But even if you expect an eleventh-hour pact, it’s unclear whether non-financial companies will feel the burden of the end-of-the-year debate. The way we’ll look for that is in capital expenditures (capex)—a measure of how much companies are spending on new investments, which would set the US economy up for growth. Lombard Street Research’s Charles Dumas lays out the stakes:
Quick recovery is unlikely, and declining capex means that the fall in profits corresponding to a given fall in the financial balance is that much larger. Q4 GDP growth could be under 1% annualised. A 10% fall in business capex, with probably some negative effect from inventories, will mean more than a 1% negative contribution to GDP growth from business spending.
Business capex dropped sharply in October and recovered in November, so it’s unclear if the fiscal cliff has had any effect on how companies behave. This means politicians and economists who predicted that companies would hike investment and hiring once the cliff is resolved could be proved wrong if it turns out that investment and hiring weren’t depressed in the first place. We should have a better answer early in 2013.
4. China’s landing sequence The red line shows that demand for laborers in China has more than caught up with supply. Nomura
Economists have been watching China’s slowing growth like hawks throughout the year. They’ve debated ad nauseam about whether this slowdown will be a “hard” landing (4%-5% growth) or a “soft” one (8%-9%), while generally agreeing that a return to levels of 10% or more is unlikely.
Nomura argues that key to understanding China’s future is the supply and demand of labor. A lot of the economy’s growth to date has been driven by vast investment in labor-intensive projects. But those days may be nearing an end, Nomura says:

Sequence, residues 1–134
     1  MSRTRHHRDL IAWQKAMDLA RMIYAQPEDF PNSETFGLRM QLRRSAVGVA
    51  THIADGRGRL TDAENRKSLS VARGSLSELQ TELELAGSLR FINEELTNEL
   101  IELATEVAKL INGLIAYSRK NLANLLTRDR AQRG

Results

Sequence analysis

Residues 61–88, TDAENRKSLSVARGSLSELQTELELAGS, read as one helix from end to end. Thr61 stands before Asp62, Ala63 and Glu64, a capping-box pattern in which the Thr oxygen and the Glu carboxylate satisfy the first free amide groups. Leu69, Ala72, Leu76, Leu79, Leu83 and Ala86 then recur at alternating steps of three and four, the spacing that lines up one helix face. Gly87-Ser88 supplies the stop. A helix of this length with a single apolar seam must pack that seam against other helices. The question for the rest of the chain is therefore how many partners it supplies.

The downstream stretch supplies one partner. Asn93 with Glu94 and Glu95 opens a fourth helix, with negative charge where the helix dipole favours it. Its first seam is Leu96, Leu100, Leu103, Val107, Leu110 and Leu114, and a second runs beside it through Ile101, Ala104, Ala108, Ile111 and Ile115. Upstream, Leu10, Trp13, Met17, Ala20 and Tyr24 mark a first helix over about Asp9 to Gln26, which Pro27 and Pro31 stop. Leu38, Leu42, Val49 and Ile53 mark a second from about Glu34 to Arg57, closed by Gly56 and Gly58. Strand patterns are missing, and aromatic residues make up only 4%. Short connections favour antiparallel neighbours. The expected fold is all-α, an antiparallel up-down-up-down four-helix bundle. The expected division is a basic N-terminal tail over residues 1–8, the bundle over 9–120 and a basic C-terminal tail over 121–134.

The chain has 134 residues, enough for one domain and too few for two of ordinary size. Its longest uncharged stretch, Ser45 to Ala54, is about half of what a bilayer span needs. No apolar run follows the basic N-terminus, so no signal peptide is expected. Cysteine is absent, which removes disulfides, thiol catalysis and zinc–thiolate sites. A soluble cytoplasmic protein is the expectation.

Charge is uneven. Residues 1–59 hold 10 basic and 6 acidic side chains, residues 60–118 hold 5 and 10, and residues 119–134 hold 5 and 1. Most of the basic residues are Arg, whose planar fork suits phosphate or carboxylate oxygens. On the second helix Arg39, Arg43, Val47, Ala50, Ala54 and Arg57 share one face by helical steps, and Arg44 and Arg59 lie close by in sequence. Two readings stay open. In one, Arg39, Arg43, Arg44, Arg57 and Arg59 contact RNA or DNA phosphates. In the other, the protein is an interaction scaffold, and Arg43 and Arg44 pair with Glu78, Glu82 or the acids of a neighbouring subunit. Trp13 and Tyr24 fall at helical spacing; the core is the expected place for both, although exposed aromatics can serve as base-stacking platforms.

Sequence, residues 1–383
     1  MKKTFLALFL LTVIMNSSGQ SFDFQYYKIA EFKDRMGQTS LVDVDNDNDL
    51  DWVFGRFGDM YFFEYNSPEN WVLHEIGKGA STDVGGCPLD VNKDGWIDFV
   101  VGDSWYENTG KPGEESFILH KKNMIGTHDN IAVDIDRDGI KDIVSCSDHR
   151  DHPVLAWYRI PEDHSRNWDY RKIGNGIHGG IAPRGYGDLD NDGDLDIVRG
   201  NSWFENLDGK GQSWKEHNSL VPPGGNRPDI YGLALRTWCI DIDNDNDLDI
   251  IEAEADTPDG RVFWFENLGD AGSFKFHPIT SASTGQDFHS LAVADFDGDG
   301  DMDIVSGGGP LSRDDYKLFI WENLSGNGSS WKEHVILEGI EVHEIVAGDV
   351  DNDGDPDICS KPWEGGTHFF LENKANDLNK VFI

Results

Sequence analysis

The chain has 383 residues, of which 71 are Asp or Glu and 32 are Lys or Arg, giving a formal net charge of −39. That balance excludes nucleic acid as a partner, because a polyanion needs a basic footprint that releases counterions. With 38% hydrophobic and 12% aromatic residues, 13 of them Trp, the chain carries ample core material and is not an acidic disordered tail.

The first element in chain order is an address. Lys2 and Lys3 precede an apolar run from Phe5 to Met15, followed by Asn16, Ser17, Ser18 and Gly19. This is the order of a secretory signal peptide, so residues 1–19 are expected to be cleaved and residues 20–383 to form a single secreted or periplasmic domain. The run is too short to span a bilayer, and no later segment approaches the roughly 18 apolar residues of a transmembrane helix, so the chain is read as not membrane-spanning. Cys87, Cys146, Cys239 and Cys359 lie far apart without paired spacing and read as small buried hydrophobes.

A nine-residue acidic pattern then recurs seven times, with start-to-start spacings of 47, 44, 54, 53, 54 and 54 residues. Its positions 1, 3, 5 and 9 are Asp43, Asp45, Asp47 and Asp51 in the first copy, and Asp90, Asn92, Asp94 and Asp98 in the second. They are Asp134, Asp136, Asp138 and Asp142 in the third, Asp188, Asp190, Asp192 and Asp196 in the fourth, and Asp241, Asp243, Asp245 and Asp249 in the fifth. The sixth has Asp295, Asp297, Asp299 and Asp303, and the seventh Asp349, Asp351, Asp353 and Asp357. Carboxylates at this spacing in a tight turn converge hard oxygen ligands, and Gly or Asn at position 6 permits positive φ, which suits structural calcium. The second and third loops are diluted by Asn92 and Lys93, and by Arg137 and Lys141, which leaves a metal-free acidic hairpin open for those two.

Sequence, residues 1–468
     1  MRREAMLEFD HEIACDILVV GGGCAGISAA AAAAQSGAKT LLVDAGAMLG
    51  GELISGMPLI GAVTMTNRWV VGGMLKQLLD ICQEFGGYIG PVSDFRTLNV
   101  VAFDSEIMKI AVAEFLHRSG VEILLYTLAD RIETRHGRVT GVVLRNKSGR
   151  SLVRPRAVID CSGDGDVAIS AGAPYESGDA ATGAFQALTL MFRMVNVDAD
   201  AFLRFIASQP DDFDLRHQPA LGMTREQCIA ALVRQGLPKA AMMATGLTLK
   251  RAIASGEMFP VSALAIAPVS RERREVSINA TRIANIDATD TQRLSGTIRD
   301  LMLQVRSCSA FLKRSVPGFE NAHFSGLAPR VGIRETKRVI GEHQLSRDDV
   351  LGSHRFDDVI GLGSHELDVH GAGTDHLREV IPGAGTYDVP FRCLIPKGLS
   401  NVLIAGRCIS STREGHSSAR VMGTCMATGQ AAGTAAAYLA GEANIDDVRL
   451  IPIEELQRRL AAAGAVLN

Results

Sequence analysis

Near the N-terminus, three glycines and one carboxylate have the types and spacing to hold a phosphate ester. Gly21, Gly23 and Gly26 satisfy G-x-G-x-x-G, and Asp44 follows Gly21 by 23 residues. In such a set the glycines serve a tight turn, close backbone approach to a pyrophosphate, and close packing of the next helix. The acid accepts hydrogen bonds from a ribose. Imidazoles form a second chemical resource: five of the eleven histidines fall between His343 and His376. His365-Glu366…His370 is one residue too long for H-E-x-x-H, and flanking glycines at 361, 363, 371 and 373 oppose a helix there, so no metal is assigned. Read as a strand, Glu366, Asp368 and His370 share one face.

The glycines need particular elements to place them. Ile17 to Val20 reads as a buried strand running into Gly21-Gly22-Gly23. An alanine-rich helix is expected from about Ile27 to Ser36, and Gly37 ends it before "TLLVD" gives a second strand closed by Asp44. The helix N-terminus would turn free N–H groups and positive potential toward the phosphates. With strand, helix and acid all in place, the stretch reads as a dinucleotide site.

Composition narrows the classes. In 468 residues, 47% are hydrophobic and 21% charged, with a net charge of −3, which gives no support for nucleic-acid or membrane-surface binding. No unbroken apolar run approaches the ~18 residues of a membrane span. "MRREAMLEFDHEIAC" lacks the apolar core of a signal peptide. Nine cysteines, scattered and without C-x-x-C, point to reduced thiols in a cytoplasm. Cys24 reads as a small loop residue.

We believe China’s potential growth has now slowed to 7.0-7.5%. The key driver of this slowdown is the depletion of excess labor. China used to have a huge pool of excess labor in its rural inland regions, estimated at 250 million persons. Over the past ten years, this group of labor was gradually absorbed into the industrial sector. The ratio of urban labor demand to supply has risen to above 1.0 since December 2010, which suggests that labor markets have turned from structurally oversupplied to fully employed and structurally tight.
Economists believe that if China can turn more of these workers into consumers and sweep away some of the red tape making it hard for foreign firms and financiers to reach those consumers, the country may be able to avoid a more severe economic slowdown. Whether this can happen in 2013 remains to be seen.
5. The duration of euro agony European leaders appear to be changing their tune on austerity. Deutsche Bank
Recent decisions from European leaders have convinced markets that the euro probably won’t go bust, Greece probably won’t leave, and the region will probably suffer from a protracted—but not crippling—recession. Leaders seem to have discovered that austerity alone is not the answer to the crisis, and relaxed their strict targets for Greece and Spain. That said, this is a brand new tune, and they could still screw up the performance.